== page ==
Alerts and Updates
DOE and Treasury Actions Open the Gate for the Flow of Renewable Energy Stimulus Package Funds
August 5, 2009
On July 29, 2009, the U.S. Department of Energy ("DOE") released two solicitations for applications for renewable energy and transmission projects under its loan guarantee program. The DOE announcement was followed, on July 31, by the U.S. Department of the Treasury ("Treasury") announcement that it is now accepting applications for cash payments in lieu of Investment Tax Credits. These two actions will soon start the flow of funds from the economic stimulus package aimed at supporting rapid investment in the U.S. renewable energy sector.
Section 1705 Loan Guarantee Program
The DOE solicitations implement Section 406 of the American Recovery and Reinvestment Act of 2009 ("ARRA"), signed into law by President Obama in February 2009. ARRA Section 406 added to DOE's pre-existing loan guarantee program under Section 1703 of the Energy Policy Act of 2005 ("EPAct of 2005") to create a new program under Section 1705 for rapid deployment of renewable energy and electric power transmission projects (the "Section 1705 Loan Guarantee Program").
The tightening of credit markets over the past year has resulted in the contraction of the development of electric power generation projects from renewable energy resources and has slowed needed upgrades to the nation's electric transmission infrastructure. The Section 1705 Loan Guarantee Program is aimed, in part, at bolstering confidence in borrower repayment obligations associated with such projects.
The federal government's support of renewable energy and electric transmission debt obligations under the Section 1705 Loan Guarantee Program should help build the necessary confidence for the extension of credit at a reduced cost of capital. The implementation of the Section 1705 Loan Guarantee Program is an important component of the Obama administration's plan to jump-start the economy, built, in part, on increasing use of renewable energy resources. The DOE solicitations initiate the process of making up to $8.5 billion in loan guarantee authority available for both electric generation and transmission projects under the Section 1705 Loan Guarantee Program.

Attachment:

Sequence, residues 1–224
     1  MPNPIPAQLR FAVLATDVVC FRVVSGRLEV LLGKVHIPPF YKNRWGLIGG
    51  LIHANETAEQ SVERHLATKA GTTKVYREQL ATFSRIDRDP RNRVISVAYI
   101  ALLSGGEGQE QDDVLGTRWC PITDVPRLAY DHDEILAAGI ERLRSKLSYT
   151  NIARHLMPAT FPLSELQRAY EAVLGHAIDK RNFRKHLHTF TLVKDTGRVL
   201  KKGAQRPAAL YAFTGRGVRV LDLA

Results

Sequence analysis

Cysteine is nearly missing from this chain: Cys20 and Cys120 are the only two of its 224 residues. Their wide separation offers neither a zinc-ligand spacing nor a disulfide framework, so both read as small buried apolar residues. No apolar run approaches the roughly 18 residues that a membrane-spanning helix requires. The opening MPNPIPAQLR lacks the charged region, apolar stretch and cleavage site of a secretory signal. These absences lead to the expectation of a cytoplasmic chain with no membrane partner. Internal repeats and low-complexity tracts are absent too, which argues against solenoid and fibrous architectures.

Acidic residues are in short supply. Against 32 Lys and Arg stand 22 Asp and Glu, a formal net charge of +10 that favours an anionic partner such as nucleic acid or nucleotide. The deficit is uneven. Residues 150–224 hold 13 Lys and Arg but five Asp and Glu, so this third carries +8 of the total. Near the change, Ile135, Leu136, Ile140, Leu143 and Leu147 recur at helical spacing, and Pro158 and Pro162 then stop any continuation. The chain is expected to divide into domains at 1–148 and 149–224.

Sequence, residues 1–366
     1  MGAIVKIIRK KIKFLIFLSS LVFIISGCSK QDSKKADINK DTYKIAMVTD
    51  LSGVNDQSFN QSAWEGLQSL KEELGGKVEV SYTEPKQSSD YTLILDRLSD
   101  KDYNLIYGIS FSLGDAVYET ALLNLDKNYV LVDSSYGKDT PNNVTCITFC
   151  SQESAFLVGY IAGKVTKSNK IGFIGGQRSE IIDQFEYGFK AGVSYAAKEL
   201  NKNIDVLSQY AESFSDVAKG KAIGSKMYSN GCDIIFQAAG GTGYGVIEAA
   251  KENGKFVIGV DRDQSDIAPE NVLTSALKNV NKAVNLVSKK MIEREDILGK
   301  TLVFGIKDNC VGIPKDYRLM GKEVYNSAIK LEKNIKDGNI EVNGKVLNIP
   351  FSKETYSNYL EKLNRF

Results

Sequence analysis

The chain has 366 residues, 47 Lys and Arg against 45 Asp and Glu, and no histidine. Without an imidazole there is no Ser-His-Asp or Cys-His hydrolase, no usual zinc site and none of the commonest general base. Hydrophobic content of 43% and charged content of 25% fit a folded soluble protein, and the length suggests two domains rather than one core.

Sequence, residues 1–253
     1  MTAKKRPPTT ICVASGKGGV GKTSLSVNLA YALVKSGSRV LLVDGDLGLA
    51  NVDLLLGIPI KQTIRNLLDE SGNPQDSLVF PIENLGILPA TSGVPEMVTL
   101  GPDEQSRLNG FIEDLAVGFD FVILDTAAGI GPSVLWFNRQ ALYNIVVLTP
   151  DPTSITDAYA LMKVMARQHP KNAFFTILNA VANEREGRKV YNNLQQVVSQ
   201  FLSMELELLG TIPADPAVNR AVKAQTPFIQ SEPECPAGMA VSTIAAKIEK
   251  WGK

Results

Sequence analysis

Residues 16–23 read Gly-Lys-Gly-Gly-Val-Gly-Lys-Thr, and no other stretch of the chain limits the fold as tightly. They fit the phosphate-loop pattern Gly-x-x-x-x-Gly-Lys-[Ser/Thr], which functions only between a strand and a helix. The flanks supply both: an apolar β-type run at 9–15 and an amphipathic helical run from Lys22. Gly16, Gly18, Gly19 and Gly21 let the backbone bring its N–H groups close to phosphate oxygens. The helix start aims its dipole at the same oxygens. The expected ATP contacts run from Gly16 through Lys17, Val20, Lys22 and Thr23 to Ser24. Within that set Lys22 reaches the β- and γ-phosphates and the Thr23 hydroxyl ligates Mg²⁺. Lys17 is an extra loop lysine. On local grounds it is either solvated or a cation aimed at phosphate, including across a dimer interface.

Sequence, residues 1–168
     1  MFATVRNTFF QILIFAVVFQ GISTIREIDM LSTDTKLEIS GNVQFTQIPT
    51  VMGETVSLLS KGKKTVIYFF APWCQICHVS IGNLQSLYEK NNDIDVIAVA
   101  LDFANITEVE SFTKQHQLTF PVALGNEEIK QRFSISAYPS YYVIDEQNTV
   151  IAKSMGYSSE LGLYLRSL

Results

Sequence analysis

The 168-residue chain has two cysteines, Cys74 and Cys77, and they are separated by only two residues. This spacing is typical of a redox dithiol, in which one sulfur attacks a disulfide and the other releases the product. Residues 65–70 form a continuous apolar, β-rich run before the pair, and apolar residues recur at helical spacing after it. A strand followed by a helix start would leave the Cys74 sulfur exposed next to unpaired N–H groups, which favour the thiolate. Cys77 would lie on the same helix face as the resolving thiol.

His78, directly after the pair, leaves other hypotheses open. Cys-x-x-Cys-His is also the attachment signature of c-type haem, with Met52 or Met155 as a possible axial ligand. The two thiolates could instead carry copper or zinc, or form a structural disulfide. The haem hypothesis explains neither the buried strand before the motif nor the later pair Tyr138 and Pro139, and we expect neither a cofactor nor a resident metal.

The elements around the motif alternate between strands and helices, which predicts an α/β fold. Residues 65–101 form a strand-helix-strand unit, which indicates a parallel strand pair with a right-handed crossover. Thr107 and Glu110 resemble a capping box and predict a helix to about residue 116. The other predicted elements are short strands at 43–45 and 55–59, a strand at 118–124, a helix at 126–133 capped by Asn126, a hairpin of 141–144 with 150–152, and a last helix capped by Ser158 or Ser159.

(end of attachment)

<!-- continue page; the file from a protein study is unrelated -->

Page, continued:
A. New or Significantly Improved Technologies Solicitation
The Loan Guarantee Solicitation for Innovative Energy Efficiency, Renewable Energy and Advanced Transmission and Distribution Technologies (the "New Technologies Solicitation") invites the submission of applications for loan guarantees "in support of debt financing for projects in the United States that employ energy efficiency, renewable energy, and advanced transmission and distribution technologies that constitute New or Significantly Improved Technologies." The New Technologies Solicitation allocates up to $2.5 billion to pay the "Credit Subsidy Costs" of loan guarantees for certain qualifying generation, transmission and biofuel projects, with $500 million set aside to pay for the Credit Subsidy Cost for "Leading Edge Biofuels Projects" (as those terms are defined in the New Technologies Solicitation and DOE's enabling regulations).
While the pre-existing DOE loan guarantee program under Section 1703 of the EPAct of 2005 is intended to "facilitate accelerated commercialization" of "New or Significantly Improved Technology," the Section 1705 Loan Guarantee Program is focused on facilitating the "rapid deployment" and commercialization of such technology. Understanding the meaning of these terms is essential to understanding the broad range of projects that may qualify for the Section 1705 Loan Guarantee Program. "New or Significantly Improved Technology" is defined in the DOE regulations as "a technology concerned with the production, consumption or transportation of energy and that is not a Commercial Technology . . . and that has either only recently been developed, discovered or learned . . . ." (emphasis added). In contrast, "Commercial Technology" requires that the technology be in "general use," meaning that the technology has been used in three or more commercial projects in the United States in the same general application as the proposed project, each such commercial project having been in operation for at least five years.